As thousands of migrants gather at the border in Mexico ahead of the expiration of COVID-era border limitations next week, a new push for a bipartisan immigration overhaul and improved border security is forming in the U.S. Congress.
According to a congressional office participating in the discussions, the most recent of these efforts is a last-minute legislation push that would provide U.S. border agents comparable expulsion powers permitted under the expiring COVID limits, known as Title 42, for a period of two years.
Title 42 began under Republican former President Donald Trump in 2020 at the beginning of the COVID-19 pandemic and allows U.S. authorities to expel migrants to Mexico without the chance to seek asylum. The order is set to lift on May 11 when the COVID health emergency officially ends.
But many Republicans and some Democrats, particularly in border areas, fear the end of the order will lead to a rise in migration that authorities are poorly equipped to face. A top border official recently told lawmakers that migrant crossings could jump to 10,000 per day after May 11, nearly double the daily average in March.
Senators Kyrsten Sinema, an Arizona independent, and Thom Tillis, a North Carolina Republican, are leading the effort to temporarily extend border expulsions. The pair view it as a short-term fix while they work on broader immigration reform, Sinema spokesperson Hannah Hurley said.
“This is squarely about the immediate crisis with the end of Title 42,” Hurley said.
Separately, the Republican-controlled House of Representatives plans to pass a package of border security measures next week to place tougher constraints on asylum-seekers, resume construction of a wall along the southwest border with Mexico, and expand federal law enforcement.
Many are seeking more sweeping change – but their hopes have been dashed in the past.
It has been 37 years since Congress passed significant immigration reform, but a persistently high volume of migrants and an acute labor shortage have galvanized lawmakers. Republicans also cite the flow of illegal drugs into the United States through ports of entry as reason to harden border security.
While some Democrats characterize the House border legislation as inhumane, several Democratic and Republican senators said they eagerly await such a bill.
Tillis, who is pushing both the short-term legislative fix for Title 42’s end and a wider package of reforms, said a House-passed bill would be “something we can build on.”
“It gives us some room to gain the support we need in the Senate” for broader legislation, he said, adding it could take two to three months to construct a compromise. But senators had no illusions this would be an easy task.
Dick Durbin, the No. 2 Senate Democrat, said the House bill would provide clues on Republicans’ intent. He added that in conversations with fellow senators, “One of the first things they say is ‘well if the House starts the conversation I think we can get somewhere.’ We’ll see.”
Since a 1986 immigration reform package, which resulted in some 3 million immigrants winning legal status, Congress repeatedly has failed to update the nation’s policies.
Around 11 million unauthorized immigrants in the United States could have a stake in the outcome of this latest effort, along with U.S. businesses hungry for workers.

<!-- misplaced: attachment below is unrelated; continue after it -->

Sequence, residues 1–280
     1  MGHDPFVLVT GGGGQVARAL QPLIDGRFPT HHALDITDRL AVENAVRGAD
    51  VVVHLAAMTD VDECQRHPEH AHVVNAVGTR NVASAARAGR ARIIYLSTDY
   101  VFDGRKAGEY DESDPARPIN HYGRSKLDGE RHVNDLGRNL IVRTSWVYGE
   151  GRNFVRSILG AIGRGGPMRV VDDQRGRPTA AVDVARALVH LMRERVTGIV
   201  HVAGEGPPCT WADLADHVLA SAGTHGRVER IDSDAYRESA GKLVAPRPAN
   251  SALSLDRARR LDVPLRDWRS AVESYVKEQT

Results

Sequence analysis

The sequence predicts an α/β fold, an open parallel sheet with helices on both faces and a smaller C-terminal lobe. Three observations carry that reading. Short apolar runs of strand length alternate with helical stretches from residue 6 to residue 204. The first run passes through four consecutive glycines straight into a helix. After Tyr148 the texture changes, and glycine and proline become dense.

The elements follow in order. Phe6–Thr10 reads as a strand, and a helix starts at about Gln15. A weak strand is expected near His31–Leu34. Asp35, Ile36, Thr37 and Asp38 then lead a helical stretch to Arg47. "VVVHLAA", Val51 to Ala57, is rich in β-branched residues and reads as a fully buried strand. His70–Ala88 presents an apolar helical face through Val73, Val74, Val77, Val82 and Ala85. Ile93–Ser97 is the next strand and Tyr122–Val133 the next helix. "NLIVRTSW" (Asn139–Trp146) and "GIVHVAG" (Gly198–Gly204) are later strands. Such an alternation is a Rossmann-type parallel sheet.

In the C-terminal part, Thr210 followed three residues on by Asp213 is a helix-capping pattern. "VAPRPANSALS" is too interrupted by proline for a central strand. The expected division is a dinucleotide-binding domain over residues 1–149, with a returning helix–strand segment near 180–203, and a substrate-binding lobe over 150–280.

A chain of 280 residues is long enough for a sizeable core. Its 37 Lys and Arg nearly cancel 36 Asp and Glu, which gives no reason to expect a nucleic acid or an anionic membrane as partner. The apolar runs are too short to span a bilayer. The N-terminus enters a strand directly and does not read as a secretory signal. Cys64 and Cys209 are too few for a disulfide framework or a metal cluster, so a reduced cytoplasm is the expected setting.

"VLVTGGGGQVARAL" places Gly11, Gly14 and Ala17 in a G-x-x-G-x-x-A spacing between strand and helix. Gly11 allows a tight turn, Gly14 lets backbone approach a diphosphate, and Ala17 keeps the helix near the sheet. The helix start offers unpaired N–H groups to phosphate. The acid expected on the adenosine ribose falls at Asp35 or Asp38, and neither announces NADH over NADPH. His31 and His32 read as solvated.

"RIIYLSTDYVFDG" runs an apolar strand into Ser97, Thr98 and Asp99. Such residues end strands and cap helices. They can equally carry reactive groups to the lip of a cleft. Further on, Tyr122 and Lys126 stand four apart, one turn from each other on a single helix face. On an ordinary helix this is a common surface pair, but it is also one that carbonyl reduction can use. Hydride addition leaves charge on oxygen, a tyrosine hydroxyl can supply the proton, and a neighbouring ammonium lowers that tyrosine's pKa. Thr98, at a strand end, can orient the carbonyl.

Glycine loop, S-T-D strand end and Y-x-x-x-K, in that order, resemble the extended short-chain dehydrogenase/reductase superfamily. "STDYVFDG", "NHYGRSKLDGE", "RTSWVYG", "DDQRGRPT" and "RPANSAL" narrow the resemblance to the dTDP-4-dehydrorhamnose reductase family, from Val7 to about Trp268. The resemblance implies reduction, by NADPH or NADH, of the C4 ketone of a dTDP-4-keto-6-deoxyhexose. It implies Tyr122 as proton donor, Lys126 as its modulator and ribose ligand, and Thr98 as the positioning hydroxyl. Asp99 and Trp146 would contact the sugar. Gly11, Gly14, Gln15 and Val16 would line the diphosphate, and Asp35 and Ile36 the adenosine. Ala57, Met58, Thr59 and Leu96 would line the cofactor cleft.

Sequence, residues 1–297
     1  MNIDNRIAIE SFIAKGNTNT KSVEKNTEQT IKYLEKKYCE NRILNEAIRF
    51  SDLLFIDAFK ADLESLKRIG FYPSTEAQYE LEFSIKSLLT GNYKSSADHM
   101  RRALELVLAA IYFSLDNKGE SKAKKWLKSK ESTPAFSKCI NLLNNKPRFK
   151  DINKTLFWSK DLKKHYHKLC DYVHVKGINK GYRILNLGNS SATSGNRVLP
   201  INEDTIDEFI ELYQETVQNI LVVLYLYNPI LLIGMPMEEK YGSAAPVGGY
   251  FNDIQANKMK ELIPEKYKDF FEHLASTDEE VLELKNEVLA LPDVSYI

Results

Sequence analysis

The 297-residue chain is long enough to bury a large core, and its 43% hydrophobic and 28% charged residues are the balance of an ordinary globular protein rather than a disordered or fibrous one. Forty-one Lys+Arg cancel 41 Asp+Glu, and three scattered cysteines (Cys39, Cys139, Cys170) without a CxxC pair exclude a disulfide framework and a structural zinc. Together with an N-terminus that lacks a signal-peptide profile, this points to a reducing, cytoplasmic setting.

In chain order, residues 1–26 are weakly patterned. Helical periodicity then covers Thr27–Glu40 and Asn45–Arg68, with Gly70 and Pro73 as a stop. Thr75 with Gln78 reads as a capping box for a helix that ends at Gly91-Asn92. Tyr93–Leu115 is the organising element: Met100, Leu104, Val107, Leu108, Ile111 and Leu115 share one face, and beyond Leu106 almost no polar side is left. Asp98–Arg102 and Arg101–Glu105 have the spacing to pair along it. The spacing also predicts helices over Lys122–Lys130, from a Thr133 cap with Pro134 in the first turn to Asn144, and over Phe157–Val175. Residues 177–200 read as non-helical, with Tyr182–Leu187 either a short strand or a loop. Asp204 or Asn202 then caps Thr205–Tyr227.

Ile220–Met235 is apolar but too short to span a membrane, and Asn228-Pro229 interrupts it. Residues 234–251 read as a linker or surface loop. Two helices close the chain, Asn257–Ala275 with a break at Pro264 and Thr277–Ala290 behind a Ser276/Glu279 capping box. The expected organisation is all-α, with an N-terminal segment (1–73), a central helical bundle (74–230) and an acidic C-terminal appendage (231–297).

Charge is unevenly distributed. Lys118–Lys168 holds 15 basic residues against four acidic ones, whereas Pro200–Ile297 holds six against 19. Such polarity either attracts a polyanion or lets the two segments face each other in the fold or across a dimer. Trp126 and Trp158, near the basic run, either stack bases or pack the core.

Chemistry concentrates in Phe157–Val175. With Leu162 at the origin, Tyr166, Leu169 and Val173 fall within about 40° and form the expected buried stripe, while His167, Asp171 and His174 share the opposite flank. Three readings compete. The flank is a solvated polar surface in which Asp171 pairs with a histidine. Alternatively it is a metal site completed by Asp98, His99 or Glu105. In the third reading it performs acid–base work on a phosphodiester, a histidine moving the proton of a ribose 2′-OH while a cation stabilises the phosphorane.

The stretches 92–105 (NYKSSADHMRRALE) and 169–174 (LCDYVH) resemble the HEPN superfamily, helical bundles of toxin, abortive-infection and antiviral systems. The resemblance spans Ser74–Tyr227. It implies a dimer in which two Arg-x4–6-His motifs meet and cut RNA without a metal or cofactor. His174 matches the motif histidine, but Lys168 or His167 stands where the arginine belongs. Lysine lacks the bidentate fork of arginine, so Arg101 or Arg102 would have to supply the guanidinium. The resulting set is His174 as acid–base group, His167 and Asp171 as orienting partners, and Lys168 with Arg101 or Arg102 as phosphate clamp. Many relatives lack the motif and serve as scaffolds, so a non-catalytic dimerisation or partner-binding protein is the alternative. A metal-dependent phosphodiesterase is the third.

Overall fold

To succeed in the Democrat-controlled Senate, it would need 60 senators from across both parties to back it, as well as win the support of the Republican-controlled House.
“A high-wire act,” is how Republican Senator John Cornyn from border state Texas portrayed it, adding it was “the only path forward.”
The U.S. Chamber of Commerce, the nation’s largest business association, has launched a campaign urging Congress to act. It was endorsed by 400 groups, ranging from the American Farm Bureau Federation to the U.S. Travel Association.
Republican-controlled states see their farming, ranching, food processing and manufacturing businesses begging for workers, a void that immigrants could fill if not for Washington’s clunky visa system.
Finally, passage of an immigration bill coupled with beefed-up border security could boost President Joe Biden’s re-election campaign and give Republican candidates something to cheer, too.
The House bill would deal with some of the five “buckets” in the Tillis-Sinema effort, according to a Senate source familiar with their work.
Overall, they include a modernization of the plodding asylum system, improvements to how visas are granted, and measures to more effectively authorize immigrants, be they laborers and healthcare workers or doctors and engineers, to fill American jobs.
There is also the fate of 580,000 “Dreamers” enrolled in the Deferred Action for Childhood Arrivals (DACA) program, who were brought illegally into the United States as children.
Republicans have blocked their path to citizenship for two decades, arguing that would encourage more to take the dangerous journey to the border.
Senators acknowledge some of their goals might have to be abandoned to achieve a “sweet spot.” But which ones?
Democratic Senator Chris Murphy, who won passage last year of the first major gun control bill in about three decades, did so in part by recognizing that a too ambitious bill is a recipe for failure.
Murphy was asked how the difficulty of winning immigration legislation stacks up to other recent battles, such as gun control, gay marriage and infrastructure investments.
“It’s an 11 on a scale of 10.”